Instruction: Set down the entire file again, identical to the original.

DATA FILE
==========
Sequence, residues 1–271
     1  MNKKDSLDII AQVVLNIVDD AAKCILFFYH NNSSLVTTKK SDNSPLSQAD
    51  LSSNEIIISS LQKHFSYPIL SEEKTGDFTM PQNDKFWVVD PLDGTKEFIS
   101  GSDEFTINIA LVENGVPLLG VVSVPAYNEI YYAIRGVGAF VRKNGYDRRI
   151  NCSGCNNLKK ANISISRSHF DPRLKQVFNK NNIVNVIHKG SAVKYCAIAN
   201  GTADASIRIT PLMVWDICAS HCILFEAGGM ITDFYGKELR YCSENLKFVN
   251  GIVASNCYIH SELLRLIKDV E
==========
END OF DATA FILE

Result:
Sequence, residues 1–271
     1  MNKKDSLDII AQVVLNIVDD AAKCILFFYH NNSSLVTTKK SDNSPLSQAD
    51  LSSNEIIISS LQKHFSYPIL SEEKTGDFTM PQNDKFWVVD PLDGTKEFIS
   101  GSDEFTINIA LVENGVPLLG VVSVPAYNEI YYAIRGVGAF VRKNGYDRRI
   151  NCSGCNNLKK ANISISRSHF DPRLKQVFNK NNIVNVIHKG SAVKYCAIAN
   201  GTADASIRIT PLMVWDICAS HCILFEAGGM ITDFYGKELR YCSENLKFVN
   251  GIVASNCYIH SELLRLIKDV E